In 1853 J. and S. MACKEY purchased the property of REED and the year following they took in their brother, Dr. E. R. MACKEY, as a partner. The financial prosperity of the town thus became permanently restored. Settlers came in rapidly. Money became plentiful and a large number of houses and stores were built. A. B. SMITH erected the Alba House and D. C. REED and Dr. MACKEY the Mansion House. In 1856 NORTHRUP and YOUNG built a large sore and filled it with goods. About the same time came J. JOHNSON and Co. and J. V. KELSEY, who opened dry goods stores. George MEYERS opened the first furniture store.
The MACKEY brothers were directly responsible for the favorable turning of the place from ruin to success. They came (1853) at a time when their genius at finance and their personal or mental energy was much needed by the disheartened settlers. Yet we must give the sturdy pioneers of 1848, '49 and '50 all that is due them.
Joseph MACKEY, probably the most prominent of the three, was born May 17, 1822, in Schoharie County, N.Y. He was educated for the bar and practiced law practically all his life. With his brother Safford and their families they came to Reedsburg where he settled permanently. He was especially active, in cooperation with Colonel R. M. STRONG, in promoting the Baraboo Valley Air-Line Railway and labored earnestly until the Chicago and North Western Railroad obtained control and completed the road. He undertook to raise a fund for the building of the road and issued an appeal to the people of the community, about 1870, to bond the towns for various sums. In this he was highly successful and received pledges ranging in amount from ten to twenty-five thousand dollars. On the organization of the railway we will go into detail on page 115. Joseph MACKEY died October 23, 1879. His wife survived him forty-two years, dying at the advanced age of 90 years, August 30, 1921. (See Reedsburg Bank, page 210.)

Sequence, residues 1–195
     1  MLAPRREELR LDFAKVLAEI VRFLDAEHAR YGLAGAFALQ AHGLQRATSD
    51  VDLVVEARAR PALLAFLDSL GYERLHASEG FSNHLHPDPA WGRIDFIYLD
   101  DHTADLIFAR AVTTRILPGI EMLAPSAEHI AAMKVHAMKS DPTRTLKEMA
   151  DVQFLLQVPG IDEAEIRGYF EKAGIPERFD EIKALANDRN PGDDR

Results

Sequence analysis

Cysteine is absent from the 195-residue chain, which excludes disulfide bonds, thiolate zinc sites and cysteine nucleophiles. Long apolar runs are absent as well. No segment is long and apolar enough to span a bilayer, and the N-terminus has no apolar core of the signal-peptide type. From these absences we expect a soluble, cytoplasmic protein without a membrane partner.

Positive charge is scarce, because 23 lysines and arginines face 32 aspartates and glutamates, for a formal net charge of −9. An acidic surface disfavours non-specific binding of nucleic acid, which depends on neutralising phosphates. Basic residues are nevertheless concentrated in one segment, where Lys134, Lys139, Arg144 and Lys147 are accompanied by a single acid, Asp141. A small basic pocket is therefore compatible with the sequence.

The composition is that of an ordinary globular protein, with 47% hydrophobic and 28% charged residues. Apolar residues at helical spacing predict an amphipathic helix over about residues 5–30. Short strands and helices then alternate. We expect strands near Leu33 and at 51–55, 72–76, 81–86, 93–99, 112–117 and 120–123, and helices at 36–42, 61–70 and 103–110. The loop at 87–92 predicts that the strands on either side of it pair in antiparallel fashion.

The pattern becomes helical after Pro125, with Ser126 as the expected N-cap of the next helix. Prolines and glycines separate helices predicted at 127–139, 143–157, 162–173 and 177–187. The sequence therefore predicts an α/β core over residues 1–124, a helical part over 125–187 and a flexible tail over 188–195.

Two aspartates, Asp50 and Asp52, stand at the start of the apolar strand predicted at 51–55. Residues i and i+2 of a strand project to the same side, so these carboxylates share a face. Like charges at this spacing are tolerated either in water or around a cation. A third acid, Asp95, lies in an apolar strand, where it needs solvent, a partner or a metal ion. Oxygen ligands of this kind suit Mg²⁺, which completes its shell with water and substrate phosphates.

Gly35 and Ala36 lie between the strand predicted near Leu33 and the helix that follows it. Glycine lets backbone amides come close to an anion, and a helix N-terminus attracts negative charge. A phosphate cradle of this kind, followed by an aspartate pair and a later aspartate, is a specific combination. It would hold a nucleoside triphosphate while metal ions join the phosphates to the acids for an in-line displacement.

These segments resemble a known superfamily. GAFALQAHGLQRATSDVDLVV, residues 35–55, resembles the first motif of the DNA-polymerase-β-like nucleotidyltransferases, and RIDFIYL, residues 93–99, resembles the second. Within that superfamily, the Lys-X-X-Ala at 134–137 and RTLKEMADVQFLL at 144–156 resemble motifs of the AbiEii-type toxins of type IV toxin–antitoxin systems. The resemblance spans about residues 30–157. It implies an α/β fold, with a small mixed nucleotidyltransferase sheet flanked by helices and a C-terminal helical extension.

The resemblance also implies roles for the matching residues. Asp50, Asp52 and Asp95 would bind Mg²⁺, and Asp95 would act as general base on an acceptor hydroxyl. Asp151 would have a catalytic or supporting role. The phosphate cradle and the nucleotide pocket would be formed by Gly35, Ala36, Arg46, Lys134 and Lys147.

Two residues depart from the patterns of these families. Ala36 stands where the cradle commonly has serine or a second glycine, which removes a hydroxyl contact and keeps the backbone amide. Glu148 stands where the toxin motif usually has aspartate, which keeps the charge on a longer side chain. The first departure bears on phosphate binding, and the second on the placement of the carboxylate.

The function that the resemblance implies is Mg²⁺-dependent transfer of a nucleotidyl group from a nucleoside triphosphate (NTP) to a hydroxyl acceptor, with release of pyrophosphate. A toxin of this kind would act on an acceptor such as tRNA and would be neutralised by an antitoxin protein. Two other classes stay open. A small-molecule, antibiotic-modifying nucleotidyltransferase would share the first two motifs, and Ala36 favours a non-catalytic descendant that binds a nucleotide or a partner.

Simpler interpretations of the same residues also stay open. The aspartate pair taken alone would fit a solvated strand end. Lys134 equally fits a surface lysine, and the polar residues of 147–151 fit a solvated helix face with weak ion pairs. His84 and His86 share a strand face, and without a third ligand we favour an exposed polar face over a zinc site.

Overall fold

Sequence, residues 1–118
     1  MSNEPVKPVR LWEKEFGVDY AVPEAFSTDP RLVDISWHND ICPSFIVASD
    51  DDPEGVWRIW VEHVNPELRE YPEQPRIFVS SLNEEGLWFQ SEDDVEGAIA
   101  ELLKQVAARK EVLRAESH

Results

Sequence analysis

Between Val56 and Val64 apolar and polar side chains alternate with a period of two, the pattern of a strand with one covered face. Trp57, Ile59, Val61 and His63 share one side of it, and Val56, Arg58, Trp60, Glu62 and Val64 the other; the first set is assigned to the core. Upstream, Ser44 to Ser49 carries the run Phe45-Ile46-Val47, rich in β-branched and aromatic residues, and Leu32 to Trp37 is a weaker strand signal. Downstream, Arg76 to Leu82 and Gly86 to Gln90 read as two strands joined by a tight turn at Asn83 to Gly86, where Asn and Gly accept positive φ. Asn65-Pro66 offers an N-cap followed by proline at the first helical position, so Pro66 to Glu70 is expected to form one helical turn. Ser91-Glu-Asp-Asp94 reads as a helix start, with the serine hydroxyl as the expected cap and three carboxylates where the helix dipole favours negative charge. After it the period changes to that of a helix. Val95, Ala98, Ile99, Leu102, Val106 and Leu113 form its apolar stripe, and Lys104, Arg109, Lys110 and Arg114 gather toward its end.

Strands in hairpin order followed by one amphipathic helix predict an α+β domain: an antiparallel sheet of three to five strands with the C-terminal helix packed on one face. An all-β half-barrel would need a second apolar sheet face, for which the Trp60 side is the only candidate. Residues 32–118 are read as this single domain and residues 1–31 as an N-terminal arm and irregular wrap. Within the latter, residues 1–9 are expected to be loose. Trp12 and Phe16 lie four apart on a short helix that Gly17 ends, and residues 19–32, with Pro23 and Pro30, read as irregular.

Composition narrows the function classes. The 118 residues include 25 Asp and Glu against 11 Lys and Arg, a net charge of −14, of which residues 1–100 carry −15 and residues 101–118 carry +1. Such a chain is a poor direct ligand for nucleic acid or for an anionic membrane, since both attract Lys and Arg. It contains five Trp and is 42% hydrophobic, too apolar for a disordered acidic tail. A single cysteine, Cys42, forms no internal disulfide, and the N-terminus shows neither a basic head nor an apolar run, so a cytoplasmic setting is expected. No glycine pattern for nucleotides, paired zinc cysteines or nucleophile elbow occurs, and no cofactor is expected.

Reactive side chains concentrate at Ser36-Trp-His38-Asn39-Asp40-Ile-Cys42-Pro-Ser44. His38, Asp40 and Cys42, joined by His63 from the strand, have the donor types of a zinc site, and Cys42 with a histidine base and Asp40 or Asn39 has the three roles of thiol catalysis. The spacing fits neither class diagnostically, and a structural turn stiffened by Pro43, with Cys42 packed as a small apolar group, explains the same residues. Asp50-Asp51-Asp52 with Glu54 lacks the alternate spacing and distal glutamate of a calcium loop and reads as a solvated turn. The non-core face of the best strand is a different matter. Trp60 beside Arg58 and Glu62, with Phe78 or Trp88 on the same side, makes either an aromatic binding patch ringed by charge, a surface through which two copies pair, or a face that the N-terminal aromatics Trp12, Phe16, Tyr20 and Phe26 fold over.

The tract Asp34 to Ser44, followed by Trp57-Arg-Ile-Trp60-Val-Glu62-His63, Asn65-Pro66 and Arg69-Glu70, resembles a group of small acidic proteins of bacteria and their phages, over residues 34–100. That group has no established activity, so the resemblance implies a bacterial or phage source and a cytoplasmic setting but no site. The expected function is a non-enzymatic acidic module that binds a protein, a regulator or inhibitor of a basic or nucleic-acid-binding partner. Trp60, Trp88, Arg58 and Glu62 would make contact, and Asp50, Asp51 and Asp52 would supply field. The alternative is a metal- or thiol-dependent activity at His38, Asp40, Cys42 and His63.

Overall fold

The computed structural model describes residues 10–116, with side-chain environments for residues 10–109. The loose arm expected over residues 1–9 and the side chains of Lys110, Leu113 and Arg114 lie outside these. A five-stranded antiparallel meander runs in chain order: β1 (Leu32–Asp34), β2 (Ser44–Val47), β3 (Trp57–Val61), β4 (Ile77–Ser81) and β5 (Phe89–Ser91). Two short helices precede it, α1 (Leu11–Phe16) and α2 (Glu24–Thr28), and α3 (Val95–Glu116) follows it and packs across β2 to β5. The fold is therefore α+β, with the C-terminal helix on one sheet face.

Safford MACKEY, born July 25, 1831, was also a native of Schoharie County. Beside retaining his interest in the mill, he dealt widely in hops and real estate and accumulated considerable wealth. He died August 25, 1893.
Submitted by Carol